Saturday, May 30, 2009

Taking a Step Back Can Actually be Helpful

So I admit it, I am one of those writers who loves to push as close as possible to the deadline and then crank out an awesome piece under pressure. And to be honest, most of the time the articles are better written, clearer and more concise when I write in this manner. When I think too hard about it or start writing weeks or days in advance it will take me twice as long and usually ends up longer than need be.

But I'm learning that when it comes to novel writing the exact opposite may be true. I started my first official attempt at a young adult novel in August 2008. At the time I had grand plans of having it in the hands of agents by December. I completed the first draft in September and sent it to a number of close friends to read through. They sent back their thoughts, I added parts, changed character names, deleted a few scenes and went through a long editing process. By January I was at a point I thought appropriate to send off. Then I sent it to my mom...

She liked the story but went into teacher mode and highlighted every point she was confused about, every grammatical error, every incomplete sentence. At that point I started reading what exactly is required to get an agent - and discouragement set in.

I set the book aside and didn't look at it for almost two months. Then my early readers started hounding me about getting it completed and sent out. Just the thought - The fear. The anxiety, The likely rejection.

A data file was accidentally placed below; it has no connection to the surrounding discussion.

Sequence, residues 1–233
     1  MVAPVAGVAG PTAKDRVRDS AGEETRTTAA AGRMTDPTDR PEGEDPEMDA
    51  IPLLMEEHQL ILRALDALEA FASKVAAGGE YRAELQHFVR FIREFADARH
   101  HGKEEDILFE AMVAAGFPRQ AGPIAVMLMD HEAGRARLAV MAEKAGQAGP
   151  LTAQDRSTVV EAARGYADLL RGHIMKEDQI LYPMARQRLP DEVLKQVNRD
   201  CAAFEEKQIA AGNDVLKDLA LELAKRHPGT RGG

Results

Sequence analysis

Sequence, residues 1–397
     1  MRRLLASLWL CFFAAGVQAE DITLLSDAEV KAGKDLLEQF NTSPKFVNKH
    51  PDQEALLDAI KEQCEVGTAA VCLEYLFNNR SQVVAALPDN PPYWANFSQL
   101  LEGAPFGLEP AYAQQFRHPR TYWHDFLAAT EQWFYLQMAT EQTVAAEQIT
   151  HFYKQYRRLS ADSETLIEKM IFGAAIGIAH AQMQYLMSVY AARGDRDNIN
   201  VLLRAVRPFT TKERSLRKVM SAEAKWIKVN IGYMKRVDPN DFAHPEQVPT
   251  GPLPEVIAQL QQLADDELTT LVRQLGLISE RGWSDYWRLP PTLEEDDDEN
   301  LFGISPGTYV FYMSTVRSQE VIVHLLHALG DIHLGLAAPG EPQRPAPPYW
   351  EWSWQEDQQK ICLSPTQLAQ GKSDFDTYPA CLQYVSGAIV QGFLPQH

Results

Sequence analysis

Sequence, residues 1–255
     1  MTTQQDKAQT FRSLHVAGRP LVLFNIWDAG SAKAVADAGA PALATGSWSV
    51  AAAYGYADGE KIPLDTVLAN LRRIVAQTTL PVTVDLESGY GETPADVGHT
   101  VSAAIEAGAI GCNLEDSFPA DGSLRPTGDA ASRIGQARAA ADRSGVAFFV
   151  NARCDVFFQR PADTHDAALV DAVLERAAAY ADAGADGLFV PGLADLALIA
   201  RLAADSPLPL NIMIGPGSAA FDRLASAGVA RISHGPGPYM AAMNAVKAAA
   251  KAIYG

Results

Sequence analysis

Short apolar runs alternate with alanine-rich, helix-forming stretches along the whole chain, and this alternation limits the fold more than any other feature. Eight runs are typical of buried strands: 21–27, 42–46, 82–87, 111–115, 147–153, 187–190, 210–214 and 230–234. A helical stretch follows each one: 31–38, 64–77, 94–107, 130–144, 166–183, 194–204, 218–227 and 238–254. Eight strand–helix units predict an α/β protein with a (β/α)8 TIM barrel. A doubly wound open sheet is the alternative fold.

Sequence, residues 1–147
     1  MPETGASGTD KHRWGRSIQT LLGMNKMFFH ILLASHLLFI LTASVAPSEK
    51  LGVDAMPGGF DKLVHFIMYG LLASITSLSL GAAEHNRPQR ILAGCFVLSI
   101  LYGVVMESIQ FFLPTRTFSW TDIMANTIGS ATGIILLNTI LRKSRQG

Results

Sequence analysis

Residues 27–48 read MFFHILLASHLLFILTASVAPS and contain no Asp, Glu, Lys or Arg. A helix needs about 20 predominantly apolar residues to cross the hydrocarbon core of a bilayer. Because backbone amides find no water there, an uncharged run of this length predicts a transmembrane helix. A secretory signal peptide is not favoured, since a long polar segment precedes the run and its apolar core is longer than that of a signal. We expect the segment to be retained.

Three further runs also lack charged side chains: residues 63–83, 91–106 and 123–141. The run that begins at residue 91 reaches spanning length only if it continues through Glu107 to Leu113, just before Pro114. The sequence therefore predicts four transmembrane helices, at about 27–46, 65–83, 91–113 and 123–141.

But I picked the book up again last week, printed all 280 pages out and pulled out the red pen to begin edits. This being the third time I've done edits I figured it would be a quick process. Um, Nope. I thought I'd have nothing else to add. Wrong again.

Letting it sit while I focused on other things - like this blog, twitter, securing freelance gigs - might have been the best thing for the book. I've realized in the editing process there are certain words I overuse. I use forms of to be way too often. I hate cliches and yet they littered my pages. And one of my characters is a little one-dimensional. I'm trying to change all of that now.

Is it good enough to get published? I have no idea. Do I hope it is? Heck yes. Will I bite the bullet and finally send it out after this round of edits. Yup, it's getting to a point where I'm proud to say I penned this.

Despite my insecurities about this, I've learned that at least giving the book a little space has given me a fresher approach and an unbiased eye.

1 comment:

  1. Good advice. Sometimes the best way to improve your writing is "not writing".